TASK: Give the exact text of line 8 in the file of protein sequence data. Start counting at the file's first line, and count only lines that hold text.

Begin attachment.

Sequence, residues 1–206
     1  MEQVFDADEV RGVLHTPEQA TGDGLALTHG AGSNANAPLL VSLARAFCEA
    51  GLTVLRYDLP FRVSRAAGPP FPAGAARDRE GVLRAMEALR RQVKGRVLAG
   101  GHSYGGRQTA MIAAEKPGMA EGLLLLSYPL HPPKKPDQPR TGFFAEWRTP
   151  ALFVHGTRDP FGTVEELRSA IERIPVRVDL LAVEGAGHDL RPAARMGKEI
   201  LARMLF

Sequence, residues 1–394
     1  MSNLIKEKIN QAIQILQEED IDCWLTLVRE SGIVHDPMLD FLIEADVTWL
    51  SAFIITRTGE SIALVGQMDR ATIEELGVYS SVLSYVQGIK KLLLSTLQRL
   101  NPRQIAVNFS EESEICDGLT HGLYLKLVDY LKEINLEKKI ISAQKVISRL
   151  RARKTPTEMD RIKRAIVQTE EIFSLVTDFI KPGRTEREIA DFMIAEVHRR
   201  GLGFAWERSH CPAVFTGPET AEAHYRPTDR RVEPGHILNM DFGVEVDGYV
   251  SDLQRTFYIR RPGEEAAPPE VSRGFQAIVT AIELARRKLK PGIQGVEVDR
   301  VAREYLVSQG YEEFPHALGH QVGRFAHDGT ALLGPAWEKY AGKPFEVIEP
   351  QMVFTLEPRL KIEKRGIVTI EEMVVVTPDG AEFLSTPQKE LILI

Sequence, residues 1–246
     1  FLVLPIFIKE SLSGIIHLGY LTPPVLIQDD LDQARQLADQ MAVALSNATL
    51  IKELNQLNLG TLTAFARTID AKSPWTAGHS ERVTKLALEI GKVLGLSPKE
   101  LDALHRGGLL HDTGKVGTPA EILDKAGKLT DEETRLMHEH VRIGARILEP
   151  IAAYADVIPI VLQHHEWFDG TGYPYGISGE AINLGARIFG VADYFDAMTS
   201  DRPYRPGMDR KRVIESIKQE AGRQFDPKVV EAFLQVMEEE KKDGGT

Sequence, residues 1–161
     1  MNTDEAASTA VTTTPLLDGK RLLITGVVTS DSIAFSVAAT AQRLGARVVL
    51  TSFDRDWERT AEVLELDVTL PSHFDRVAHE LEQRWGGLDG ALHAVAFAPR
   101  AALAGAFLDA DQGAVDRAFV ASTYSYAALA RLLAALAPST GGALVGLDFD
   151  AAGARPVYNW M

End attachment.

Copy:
     1  MSNLIKEKIN QAIQILQEED IDCWLTLVRE SGIVHDPMLD FLIEADVTWL